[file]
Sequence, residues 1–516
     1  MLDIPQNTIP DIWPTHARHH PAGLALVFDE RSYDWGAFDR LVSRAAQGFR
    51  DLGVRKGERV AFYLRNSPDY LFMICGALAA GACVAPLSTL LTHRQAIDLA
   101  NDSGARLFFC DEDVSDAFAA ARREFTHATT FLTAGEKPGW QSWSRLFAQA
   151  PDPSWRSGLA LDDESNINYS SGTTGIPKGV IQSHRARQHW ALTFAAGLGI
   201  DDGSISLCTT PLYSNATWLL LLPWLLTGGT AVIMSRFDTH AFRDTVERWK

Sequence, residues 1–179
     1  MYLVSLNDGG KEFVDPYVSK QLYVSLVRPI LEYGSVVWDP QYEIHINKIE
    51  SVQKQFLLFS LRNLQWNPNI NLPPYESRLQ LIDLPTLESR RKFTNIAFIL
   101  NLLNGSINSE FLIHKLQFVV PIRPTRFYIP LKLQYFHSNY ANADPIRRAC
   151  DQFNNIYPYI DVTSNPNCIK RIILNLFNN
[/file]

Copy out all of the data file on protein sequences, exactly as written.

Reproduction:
Sequence, residues 1–516
     1  MLDIPQNTIP DIWPTHARHH PAGLALVFDE RSYDWGAFDR LVSRAAQGFR
    51  DLGVRKGERV AFYLRNSPDY LFMICGALAA GACVAPLSTL LTHRQAIDLA
   101  NDSGARLFFC DEDVSDAFAA ARREFTHATT FLTAGEKPGW QSWSRLFAQA
   151  PDPSWRSGLA LDDESNINYS SGTTGIPKGV IQSHRARQHW ALTFAAGLGI
   201  DDGSISLCTT PLYSNATWLL LLPWLLTGGT AVIMSRFDTH AFRDTVERWK

Sequence, residues 1–179
     1  MYLVSLNDGG KEFVDPYVSK QLYVSLVRPI LEYGSVVWDP QYEIHINKIE
    51  SVQKQFLLFS LRNLQWNPNI NLPPYESRLQ LIDLPTLESR RKFTNIAFIL
   101  NLLNGSINSE FLIHKLQFVV PIRPTRFYIP LKLQYFHSNY ANADPIRRAC
   151  DQFNNIYPYI DVTSNPNCIK RIILNLFNN